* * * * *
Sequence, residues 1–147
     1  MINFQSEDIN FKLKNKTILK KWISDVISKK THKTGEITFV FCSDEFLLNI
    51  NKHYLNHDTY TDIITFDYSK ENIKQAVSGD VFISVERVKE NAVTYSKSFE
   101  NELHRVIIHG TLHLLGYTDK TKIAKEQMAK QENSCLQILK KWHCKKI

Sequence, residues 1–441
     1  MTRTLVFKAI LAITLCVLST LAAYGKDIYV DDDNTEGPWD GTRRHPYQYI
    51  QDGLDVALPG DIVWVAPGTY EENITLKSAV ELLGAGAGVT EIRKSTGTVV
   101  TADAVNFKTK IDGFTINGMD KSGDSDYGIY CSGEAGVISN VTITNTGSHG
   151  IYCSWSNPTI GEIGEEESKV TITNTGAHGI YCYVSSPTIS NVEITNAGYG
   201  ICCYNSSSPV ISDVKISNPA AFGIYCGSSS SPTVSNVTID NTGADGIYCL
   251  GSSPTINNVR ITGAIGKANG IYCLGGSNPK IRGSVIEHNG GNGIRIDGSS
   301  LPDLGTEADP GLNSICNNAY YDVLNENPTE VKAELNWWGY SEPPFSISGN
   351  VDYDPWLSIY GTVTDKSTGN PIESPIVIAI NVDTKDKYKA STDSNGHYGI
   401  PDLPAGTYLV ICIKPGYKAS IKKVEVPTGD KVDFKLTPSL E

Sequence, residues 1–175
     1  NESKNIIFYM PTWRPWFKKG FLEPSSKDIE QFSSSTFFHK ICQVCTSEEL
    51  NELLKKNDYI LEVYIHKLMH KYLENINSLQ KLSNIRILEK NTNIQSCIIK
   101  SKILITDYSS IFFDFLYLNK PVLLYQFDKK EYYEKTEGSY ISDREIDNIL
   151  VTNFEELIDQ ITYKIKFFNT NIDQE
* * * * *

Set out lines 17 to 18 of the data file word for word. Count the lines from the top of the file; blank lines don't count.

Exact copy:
    51  NELLKKNDYI LEVYIHKLMH KYLENINSLQ KLSNIRILEK NTNIQSCIIK
   101  SKILITDYSS IFFDFLYLNK PVLLYQFDKK EYYEKTEGSY ISDREIDNIL